Associations between CAMCOG-R subscale performance and formal education attainment in South African older adults
ACSENT Laboratory, Department of Psychology, University of Cape Town, Cape Town, South Africa; Clinical Neurosciences Research Unit, Division of Geriatric Medicine, University of Cape Town and Groote Schuur Hospital, Cape Town, South Africa
Background: The Cambridge Cognitive Examination-Revised (CAMCOG-R) is a sensitive screening tool for the early diagnosis of dementia in older adults. Overall performance on the CAMCOG-R is influenced by educational attainment. Few studies have, however, examined the association between educational attainment and performance on the individual CAMCOG subscales. We aimed to address this question in a sample from a low-and middle-income country (LAMIC), where resource constraints may have compromised access to, and quality of, education for many older adults. Methods: Participants, all over 60 years of age, were 51 cognitively healthy community-dwelling volunteers and 47 individuals diagnosed with mild-moderate stage Alzheimer's disease (AD). Most participants had some high school education. They were administered the CAMCOG-R under standardized conditions. Results: Within both the control and AD patient groups, there were significant associations between years of completed education and CAMCOG-R total score, MMSE score, and CAMCOG-R Language subscale score. In both groups, level of education was not associated with scores on these subscales: in controls, recent memory, R 2 =.21, p =.055, learning memory, R 2 =.16, p =.398, attention/calculation, R 2 =.19, p =.467, and perception, R 2 =.18, p =.984; in AD patients, recent memory, R 2 =.14, p =.340, learning memory, R 2 =.03, p =.680, perception, R 2 =.09, p =.723, and attention/calculation, R 2 =.19, p =.097. Conclusions: Some CAMCOG-R subscale scores were more strongly associated with educational attainment than others. Importantly, however, performance on the recent memory and learning memory subscales was not affected by education. These subscales are sensitive indicators of amnestic mild cognitive impairment (MCI) and early AD. These subscales may therefore remain valid for use as an AD screening tool in resource-poor healthcare settings. Copyright © International Psychogeriatric Association 2014.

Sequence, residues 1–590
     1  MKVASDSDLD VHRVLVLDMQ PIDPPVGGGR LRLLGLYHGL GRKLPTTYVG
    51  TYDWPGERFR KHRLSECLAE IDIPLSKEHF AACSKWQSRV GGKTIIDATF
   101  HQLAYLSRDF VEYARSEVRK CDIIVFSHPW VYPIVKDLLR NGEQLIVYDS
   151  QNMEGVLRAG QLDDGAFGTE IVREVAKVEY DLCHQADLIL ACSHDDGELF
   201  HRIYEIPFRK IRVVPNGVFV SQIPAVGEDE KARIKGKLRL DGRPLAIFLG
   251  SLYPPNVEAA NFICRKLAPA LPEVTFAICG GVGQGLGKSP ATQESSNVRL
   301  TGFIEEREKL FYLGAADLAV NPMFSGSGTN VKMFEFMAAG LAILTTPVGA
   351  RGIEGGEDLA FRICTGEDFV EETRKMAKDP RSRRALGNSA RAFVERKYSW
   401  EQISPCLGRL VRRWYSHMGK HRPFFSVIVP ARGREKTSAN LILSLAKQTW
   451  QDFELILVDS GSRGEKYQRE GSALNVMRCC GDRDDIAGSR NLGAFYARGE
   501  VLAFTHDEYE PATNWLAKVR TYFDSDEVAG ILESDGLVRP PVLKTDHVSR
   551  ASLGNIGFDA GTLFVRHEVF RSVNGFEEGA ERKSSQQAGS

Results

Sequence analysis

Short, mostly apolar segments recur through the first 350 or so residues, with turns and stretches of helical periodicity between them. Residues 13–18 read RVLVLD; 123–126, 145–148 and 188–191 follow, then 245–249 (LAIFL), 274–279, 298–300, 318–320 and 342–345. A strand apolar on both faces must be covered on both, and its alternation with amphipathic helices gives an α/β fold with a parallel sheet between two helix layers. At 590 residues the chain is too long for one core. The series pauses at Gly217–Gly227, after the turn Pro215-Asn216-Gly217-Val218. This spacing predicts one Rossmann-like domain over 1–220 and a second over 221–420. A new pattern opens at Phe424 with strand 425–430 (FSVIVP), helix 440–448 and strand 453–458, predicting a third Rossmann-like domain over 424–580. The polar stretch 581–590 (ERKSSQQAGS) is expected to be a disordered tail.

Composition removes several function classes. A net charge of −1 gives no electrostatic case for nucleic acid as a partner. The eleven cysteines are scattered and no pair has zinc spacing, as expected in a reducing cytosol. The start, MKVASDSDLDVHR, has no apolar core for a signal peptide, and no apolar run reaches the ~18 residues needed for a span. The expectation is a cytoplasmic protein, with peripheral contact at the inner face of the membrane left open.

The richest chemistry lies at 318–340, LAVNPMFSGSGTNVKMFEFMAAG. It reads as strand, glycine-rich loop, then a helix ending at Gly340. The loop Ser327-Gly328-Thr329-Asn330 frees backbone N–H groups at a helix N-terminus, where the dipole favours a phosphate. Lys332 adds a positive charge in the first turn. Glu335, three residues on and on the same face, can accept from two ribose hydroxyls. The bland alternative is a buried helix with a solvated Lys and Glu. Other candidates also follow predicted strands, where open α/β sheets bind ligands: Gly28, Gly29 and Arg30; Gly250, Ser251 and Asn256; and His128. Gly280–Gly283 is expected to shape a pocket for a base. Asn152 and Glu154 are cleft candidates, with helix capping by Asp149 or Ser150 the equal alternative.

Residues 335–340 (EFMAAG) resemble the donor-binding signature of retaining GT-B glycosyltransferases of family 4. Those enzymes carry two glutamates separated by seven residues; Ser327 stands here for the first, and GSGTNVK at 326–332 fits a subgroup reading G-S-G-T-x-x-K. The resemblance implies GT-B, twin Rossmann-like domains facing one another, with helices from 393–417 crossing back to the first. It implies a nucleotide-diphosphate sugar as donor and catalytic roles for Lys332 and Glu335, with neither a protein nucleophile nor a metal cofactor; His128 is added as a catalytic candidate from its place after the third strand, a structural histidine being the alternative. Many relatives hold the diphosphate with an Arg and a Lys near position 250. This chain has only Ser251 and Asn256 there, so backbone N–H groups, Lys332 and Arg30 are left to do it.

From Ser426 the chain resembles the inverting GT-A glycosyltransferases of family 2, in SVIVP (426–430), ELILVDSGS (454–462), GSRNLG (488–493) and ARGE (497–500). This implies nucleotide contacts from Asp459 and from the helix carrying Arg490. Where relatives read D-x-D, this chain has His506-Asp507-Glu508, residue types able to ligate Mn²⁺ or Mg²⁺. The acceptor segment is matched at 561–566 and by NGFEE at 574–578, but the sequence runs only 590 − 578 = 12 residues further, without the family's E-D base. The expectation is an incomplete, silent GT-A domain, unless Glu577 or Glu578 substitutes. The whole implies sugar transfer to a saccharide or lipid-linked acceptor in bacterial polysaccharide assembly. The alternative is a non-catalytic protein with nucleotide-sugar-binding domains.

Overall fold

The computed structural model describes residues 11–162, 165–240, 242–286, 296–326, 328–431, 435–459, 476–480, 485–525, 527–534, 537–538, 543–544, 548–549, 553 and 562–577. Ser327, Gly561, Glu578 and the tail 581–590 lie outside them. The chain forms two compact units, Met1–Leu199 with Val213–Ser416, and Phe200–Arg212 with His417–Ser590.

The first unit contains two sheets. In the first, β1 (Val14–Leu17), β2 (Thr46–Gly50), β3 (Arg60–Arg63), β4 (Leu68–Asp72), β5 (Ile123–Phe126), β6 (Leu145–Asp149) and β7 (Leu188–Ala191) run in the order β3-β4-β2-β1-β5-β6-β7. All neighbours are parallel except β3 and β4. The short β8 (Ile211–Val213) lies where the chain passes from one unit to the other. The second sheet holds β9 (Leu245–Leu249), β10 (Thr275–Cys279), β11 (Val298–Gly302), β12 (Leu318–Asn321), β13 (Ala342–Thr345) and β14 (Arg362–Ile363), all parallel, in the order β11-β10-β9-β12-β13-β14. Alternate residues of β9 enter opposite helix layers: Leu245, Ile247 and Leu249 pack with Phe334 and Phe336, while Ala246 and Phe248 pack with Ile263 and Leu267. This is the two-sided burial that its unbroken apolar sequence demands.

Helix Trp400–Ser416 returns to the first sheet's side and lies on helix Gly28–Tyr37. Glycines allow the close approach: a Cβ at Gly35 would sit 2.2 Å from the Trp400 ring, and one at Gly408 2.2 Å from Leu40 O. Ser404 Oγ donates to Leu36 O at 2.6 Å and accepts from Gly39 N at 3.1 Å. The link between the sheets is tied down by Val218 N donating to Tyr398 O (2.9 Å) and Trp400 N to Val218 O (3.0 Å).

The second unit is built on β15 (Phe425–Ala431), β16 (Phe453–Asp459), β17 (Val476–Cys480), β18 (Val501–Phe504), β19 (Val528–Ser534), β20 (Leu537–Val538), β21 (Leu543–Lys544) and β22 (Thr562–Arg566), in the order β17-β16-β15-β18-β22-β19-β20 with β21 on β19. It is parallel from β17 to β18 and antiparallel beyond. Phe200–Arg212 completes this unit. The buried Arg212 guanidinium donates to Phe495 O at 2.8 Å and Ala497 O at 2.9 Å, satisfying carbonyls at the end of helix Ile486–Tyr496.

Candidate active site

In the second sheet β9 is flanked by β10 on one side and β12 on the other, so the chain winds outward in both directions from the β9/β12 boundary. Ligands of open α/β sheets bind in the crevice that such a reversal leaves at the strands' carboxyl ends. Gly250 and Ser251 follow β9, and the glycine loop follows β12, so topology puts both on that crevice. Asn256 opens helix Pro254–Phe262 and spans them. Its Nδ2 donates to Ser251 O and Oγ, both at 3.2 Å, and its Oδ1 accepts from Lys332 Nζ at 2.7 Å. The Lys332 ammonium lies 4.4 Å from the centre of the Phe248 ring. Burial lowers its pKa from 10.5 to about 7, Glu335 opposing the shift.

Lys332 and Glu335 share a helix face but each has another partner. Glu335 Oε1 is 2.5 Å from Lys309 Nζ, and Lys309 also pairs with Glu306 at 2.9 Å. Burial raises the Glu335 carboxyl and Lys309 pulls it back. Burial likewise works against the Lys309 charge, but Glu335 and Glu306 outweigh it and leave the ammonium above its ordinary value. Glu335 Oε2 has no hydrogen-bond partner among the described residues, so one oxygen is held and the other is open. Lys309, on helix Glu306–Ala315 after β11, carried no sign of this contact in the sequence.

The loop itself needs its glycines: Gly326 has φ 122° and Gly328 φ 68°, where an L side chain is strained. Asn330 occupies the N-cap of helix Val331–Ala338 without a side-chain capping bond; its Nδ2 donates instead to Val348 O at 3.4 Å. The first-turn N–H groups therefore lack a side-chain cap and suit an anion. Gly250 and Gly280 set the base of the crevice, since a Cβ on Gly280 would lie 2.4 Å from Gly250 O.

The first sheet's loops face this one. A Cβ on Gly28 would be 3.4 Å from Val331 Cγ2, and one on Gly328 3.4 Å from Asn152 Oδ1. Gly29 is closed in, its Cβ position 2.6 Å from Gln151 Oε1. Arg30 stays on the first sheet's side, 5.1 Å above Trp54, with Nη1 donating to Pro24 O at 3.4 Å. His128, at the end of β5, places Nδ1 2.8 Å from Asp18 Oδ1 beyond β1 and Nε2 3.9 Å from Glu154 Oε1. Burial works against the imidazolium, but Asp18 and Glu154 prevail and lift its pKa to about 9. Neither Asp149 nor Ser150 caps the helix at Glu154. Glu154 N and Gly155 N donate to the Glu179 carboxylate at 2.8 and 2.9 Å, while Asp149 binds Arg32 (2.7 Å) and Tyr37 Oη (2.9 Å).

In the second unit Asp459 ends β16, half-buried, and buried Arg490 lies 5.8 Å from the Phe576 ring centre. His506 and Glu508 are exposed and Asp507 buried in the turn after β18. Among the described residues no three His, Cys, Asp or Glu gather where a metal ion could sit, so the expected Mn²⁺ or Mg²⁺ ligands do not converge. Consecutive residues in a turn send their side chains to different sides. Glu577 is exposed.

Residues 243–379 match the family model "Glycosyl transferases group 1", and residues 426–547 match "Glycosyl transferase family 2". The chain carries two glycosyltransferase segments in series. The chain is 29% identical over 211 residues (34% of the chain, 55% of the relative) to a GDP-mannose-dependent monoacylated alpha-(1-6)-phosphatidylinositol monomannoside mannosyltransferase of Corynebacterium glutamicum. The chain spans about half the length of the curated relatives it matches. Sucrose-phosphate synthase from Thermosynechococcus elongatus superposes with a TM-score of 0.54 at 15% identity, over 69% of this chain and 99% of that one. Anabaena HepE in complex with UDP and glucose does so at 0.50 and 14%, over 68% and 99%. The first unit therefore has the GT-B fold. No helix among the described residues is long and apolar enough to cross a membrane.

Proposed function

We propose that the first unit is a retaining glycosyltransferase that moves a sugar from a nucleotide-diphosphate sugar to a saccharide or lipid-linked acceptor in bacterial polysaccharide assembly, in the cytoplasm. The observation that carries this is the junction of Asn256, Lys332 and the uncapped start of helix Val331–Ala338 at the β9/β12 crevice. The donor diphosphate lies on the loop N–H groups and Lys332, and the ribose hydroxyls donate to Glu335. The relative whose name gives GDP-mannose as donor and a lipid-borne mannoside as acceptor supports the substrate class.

aged; Alzheimer disease; Article; attention; Cambridge Cognitive Examination Revised; clinical article; cognitive defect; community sample; controlled study; educational status; female; human; learning; male; memory; psychologic test; South African; volunteer